keeping ears dry during bathing include the placement of a cotton ball with petroleum jelly, ear putty or age-appropriate sized earplugs to help keep them dry and reduce the risk of introducing a bacterial infection in the middle ear. Children should neve
Pharyngitis viral or bacterial infections are usually spread by
children exposed to each other in close settings such as daycare or early childhood school settings
pharyngitis and tonsilitis: patho
both viral and bacterial
an inflammation of the back of the child's throat, with redness.
swelling of the adjacent tonsillar tissue in response to the infection as part of the immune system
tonsillar tissue is enlarged, red and may have white spots, crypts and/or exudate present; child will breathe with their mouth open exposing foul breath, dry mucous membranes and some difficulty with swallowing
Nurses grade the swelling of tonsils
scale from 0+ (normal presentation) to 4+ (as they approach the uvula)
priority concern with pharyngotonsillitis at 4+
the adenoids can also become swollen creating
nasal congestion characteristic to the child's voice and contribute to the development of otitis media, and/or symptoms of sleep apnea.
pharyngitis and tonsilitis: labs/diagnostics
Throat swab for rapid strep and culture obtained at same time depending on presenting symptoms of infection in child; mild symptoms receive a rapid strep test that renders quick results in a ruling out of the bacterial type of the infection. A culture for
pharyngitis and tonsilitis: treatment
Penicillin V is the antibiotic of choice with Group A beta-hemolytic streptococcal pharyngeal infections, Treatment for a 10-day course is standard, with an initial IM injection given in cases when children are likely to be non-compliant with recommended
pharyngitis or tonsillitis infection: prioritized nursing interventions
focused on the ass. and management of a patent airway. Pain is controlled with oral analgesic and anti-inflammatory meds and by encouraging intake of oral fluids to aid in preventing dehydration. Instructions on when to notify the physician with worsening
tonsillectomy: pre operative care
instruction for post-procedure care of tonsillectomy begins when child is diagnosed as an outpatient; children should schedule a tour of surgical center and meet care providers to ask Q's and begin the initial connections of trust. should be taught how to
what builds self-esteem resulting in better surgical outcomes overall
Helping children understand their role and responsibility in recovery; Praise and reward are given to children who demonstrate an interest in their recovery, pre-operatively.
focused on airway maintenance and close monitoring for any symptoms of bleeding. The nurse must be alerted to any subtle change in the child's condition and notify the physician immediately of any worsening symptoms.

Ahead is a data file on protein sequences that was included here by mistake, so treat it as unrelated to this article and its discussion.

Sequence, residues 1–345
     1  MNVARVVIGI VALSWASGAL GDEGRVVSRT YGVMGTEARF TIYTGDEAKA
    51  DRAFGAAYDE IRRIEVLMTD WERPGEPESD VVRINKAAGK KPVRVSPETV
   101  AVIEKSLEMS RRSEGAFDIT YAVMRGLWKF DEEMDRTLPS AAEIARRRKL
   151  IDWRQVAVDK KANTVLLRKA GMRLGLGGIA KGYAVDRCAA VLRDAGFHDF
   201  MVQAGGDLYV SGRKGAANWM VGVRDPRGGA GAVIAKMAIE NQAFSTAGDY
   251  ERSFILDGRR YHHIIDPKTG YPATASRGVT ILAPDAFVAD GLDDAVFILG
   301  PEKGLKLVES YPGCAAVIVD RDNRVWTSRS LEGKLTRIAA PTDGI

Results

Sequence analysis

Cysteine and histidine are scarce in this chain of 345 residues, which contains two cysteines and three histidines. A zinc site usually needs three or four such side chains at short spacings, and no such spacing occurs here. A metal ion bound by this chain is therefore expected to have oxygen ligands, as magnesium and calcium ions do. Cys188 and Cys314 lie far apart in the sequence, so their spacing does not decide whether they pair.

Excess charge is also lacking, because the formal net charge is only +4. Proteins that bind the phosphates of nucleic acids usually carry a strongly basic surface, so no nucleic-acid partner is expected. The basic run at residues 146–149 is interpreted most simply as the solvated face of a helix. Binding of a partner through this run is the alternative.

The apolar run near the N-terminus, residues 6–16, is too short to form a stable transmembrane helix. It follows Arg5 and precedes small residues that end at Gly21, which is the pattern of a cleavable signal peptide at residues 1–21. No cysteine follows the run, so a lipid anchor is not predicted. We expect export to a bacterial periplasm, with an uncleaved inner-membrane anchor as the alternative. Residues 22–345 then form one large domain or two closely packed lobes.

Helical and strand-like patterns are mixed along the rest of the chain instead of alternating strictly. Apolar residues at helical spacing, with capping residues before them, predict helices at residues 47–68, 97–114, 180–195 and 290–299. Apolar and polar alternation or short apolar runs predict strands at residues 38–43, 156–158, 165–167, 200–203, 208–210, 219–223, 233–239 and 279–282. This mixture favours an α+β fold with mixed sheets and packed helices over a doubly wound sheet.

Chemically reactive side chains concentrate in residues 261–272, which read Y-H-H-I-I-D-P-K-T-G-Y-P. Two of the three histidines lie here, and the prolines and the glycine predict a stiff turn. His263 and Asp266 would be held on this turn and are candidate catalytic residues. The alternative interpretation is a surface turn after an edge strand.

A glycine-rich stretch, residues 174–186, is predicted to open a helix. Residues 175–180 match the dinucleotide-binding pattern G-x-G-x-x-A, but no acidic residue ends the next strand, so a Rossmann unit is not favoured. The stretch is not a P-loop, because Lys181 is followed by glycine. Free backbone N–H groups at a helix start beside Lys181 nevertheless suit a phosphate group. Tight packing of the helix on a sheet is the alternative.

Symptoms of bleeding in children after tonsillectomy (Emergency Condition)
Frequent Swallowing, choking, or signs of fresh bleeding in the back of the throat
Vomiting bright red blood
Tachycardia with decreasing blood pressure
how long should parents be monitoring for active bleeding after a tonsillectomy?
what helps maintain adequate hydration and facilitates healing of the postoperative tonsillar membrane after a tonsillectomy
soft foods and plenty of liquids
viral illness that manifests as a narrowing of the upper airway, laryngeal and subglottic area of the throat from inflammation and edema
the three types of croup
acute spasmodic, acute laryngotracheobronchitis (LTB) and acute epiglottitis
the most common cause of croup
parainfluenza, influenza A and B, and respiratory syncytial virus (RSV)
what is a positive sign of viral croup
steeple sign (narrowing in the subglottic area of the throat)
bacterial infection of subglottic tissue commonly caused by H. Influenzae. rapid onset and quick progression to complete airway obstruction.
A radiologic soft tissue of the neck exam positive for epiglottitis shows
a positive thumb sign (airway occlusion) from severe swelling of the pharyngeal tissues
what is imminent with epiglottitis
complete airway. obstruction
when should an oropharyngeal exam be done
when a secure airway is established
when is intubation done with epiglottitis
mmediately with confirmation of this diagnosis
symptoms of viral croup and epiglottitis
experienced at night when child awakens with sudden-onset of harsh bark-like cough, stridor on inspiration, increased work of breathing, rapid onset fever, anxious, assuming tripod sitting position, drooling, difficulty talking, difficulty swallowing, use
clinical presentation and radiological evidence of narrowing in the airway. a complete blood count is done to confirm presence of bacterial antigen. a thorough history of childhood vaccines help determine immunity from H. Influenzae.
laryngotracheobronchitis (LTB): treatment
two-fold pharmacologic of corticosteroids and nebulized racemic epinephrine treatment and encouraging oral intake or IV fluids and close monitoring for resolution of symptoms of distress.
emergency intubation and stabilization of the airway. Admission to the ICU environment for treatment of IV antibiotics until extubation. Resolution of severe symptoms and extubation typically occurs after 48 hrs. The child will receive oral antibiotics fo